Big Star singer Alex Chilton dead, what you need to know
Alex Chilton, an American songwriter, guitarist, singer and producer best known for his work with the pop-music bans the Box Tops and Big Star, has died Wednesday probably of heart attack, The Commercial Appeal of Memphis reported. He was 59.
Mr. Chilton had recently complained of health problems and was rushed on Wednesday by paramedics to an emergency room in a New Orleans hospital where he was pronounced dead.
Alex Chilton's death was confirmed to the Commercial Appeal by his long-time band mate in Big Star Jody Stephens.
Mr. Chilton was survived by his wife, Laura and son, Timothy.
Alex Chilton is not the only person who has died of heart attack recently. On March 16, foodconsumer.org reported that "Mission Impossible" Star Peter graves also died of heart attack on Sunday.
An estimated 700,000 Americans have an initial heart attack and another 500,000 have a recurrent heart attack each year. half of those who have a heart attack die from the event.
Heart attack symptoms include chest discomfort, discomfort in other areas of the upper body, shortness of breath, cold sweat, nausea or light-headedness.
So what is a heart attack?
Most heart attacks result from coronary artery disease which is a condition in which some plaque builds up over time on the inner walls of the coronary arteries. Heart attack occurs when part of the plaque breaks open leading to the formation of a blood clot, which can be big enough to cut off most or all the blood flow through the artery.
Plaque does not belong to older people like Graves only. Although it's unlikely to kill younger people as often, the arterial condition gets worse and worse as a person gets older.
Dr. Colin T Campbell, a distinguished nutritionist says in his book China Study that a study shows 70 percent of American young soldiers who died in the Korean war were found to have more or less plaque on their inner artery walls. What causes that? Dr. Campbell says it's their diet that causes the condition.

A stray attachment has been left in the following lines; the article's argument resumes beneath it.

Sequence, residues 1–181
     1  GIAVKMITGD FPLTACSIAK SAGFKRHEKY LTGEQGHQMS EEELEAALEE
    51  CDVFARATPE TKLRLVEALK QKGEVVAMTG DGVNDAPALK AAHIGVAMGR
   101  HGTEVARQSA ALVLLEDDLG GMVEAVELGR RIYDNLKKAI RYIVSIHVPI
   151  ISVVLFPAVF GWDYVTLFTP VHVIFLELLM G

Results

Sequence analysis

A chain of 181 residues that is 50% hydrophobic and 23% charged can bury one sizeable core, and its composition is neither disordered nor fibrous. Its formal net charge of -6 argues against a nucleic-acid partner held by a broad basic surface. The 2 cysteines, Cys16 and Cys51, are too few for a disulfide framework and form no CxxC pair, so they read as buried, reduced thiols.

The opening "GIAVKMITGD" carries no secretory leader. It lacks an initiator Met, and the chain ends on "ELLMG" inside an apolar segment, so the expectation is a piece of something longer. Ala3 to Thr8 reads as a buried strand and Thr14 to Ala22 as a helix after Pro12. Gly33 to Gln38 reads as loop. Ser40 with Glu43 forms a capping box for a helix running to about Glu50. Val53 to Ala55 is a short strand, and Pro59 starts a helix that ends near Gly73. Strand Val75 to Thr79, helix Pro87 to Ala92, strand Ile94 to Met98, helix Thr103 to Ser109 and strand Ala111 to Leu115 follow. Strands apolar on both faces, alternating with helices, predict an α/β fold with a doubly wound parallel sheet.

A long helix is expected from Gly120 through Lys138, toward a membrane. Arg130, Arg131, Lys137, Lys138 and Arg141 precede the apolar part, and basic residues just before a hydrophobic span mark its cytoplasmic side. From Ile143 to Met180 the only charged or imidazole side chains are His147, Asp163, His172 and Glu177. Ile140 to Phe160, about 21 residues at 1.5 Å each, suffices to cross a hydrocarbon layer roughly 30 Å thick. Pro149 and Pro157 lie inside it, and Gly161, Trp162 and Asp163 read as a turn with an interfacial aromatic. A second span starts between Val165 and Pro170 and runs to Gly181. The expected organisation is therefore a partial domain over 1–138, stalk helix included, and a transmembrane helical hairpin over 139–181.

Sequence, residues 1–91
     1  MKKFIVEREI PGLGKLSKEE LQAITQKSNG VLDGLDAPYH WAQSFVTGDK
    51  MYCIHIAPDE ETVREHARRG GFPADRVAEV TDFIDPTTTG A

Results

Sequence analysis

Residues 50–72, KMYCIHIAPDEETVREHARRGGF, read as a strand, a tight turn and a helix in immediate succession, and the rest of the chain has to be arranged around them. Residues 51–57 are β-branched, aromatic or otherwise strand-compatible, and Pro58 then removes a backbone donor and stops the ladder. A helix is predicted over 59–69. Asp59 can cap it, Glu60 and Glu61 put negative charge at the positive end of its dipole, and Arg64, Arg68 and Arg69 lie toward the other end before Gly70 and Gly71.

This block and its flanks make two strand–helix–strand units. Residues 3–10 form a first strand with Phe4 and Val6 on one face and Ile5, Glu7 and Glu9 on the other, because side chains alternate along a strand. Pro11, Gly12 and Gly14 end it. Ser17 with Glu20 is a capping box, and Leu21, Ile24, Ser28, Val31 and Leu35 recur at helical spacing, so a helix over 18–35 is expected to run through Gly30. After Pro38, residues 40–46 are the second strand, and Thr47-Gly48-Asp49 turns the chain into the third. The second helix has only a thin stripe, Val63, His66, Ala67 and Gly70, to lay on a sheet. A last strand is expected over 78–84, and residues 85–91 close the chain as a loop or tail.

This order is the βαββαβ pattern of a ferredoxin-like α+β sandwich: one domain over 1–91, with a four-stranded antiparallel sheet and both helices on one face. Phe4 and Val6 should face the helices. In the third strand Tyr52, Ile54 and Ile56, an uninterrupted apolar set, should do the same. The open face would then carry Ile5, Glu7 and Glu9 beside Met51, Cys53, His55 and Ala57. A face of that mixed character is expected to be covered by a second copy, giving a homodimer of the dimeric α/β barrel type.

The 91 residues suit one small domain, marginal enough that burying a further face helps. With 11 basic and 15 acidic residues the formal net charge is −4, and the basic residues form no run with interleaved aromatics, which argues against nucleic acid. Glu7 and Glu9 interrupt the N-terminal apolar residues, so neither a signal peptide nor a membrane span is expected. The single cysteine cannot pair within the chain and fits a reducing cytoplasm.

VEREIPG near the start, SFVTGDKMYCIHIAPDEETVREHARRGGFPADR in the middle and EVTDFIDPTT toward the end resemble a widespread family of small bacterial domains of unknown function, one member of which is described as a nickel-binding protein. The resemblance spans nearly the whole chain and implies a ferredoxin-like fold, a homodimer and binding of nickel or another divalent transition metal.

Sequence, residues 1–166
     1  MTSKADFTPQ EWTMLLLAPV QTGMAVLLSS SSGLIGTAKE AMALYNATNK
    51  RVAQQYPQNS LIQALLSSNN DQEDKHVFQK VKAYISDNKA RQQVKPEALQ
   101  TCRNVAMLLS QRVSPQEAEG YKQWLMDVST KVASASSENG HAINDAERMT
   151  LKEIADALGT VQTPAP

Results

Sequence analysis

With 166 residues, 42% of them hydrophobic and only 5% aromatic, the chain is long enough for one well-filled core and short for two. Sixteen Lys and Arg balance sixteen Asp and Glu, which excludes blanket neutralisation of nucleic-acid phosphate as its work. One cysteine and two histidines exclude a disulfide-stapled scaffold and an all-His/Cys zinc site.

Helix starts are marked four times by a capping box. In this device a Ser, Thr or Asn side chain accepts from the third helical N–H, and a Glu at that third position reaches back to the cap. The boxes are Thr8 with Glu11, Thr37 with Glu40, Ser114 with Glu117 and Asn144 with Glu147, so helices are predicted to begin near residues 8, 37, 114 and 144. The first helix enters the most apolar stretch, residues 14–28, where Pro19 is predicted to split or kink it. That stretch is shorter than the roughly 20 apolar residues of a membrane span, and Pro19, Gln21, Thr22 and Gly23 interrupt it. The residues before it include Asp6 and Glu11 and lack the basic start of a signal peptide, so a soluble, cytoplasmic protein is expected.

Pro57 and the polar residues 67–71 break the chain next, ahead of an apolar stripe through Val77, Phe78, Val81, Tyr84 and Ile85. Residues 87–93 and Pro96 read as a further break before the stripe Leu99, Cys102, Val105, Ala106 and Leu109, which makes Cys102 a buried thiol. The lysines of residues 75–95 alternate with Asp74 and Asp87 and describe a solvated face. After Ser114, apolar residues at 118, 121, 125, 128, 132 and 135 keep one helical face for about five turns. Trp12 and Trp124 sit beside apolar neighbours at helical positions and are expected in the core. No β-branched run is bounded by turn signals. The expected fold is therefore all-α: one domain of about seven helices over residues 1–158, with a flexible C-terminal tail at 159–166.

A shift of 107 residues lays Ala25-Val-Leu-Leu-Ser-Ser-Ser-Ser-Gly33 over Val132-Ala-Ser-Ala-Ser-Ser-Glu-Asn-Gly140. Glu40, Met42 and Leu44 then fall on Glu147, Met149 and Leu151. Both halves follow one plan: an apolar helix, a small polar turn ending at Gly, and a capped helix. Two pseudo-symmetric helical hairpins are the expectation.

The good news is that this condition can be reversed simply following a healthy diet. And you don't have to resort to statins to lower cholesterol to reduce the risk of atherosclerosis, which leads to heart attack. This is not just a theory.
Dr. Dean Ornish, a University of California - San Francisco medical professor actually uses his diet and lifestyle program to help people with artery blockages and as many as 99% of people who participated in the program stopped progression of the condition which in many cases was reversed.
A two-year study released on March 1, 2010 suggests that long term weight loss diets like low-carbohydrate, low-fat or Mediterranean diets significantly reverse arterial clogging and the artery atherosclerosis reduction is due to weight loss induced decline in blood pressure.
For the study published in Circulation, researchers actually used a novel technique imaging of three dimensional ultrasound at baseline and after two years to measure changes in carotid artery vessel thickening of plaque in study participants to determine how diet can affect atherosclerosis. Carotid (main brain artery) atherosclerosis is a direct risk factor for heart attack and stroke.
Dr. Iris Shai, Ben-Gurion University of the Negev in Israel and colleagues compared the carotid vessel volume, and carotid artery thickness and weigh loss among moderately overweight, mostly male participants who used either low fat, low carbohydrate or Mediterranean diet.
Compared to those who had their carotid wall volume increased, those who had theirs decreased experienced significantly greater weight loss, 11.7 pounds versus 7 pounds; decreased systolic blood pressure, 6.8 mmHg versus 1.1 mmHg; and an increase in apolipoprotein A1, a marker of good cholesterol. Additionally, these participants were also had reduced homocysteine levels, an amino acid in the blood that has been associated with high risk of stroke and heart attack.
The researchers found all three diets induced regression of carotid atherosclerosis.
Now you know how to reduce your risk of atherosclerosis and heart attacks.
By David Liu
Photo credit: wikipedia
(Send your news to email@example.com, Foodconsumer.org is part of the Infoplus.com ™ news and information network)
- What temperature to Cook a Turkey - Safe Cooking
- How long to cook a thanksgiving turkey per pound
- Can we win GMO labeling on a recount in Oregon? Newsletter from Organic Consumers Association
- Featured products: chill soda
- This "Invisible Food" Contains Hidden Allergens (And Can Sabotage Your Health)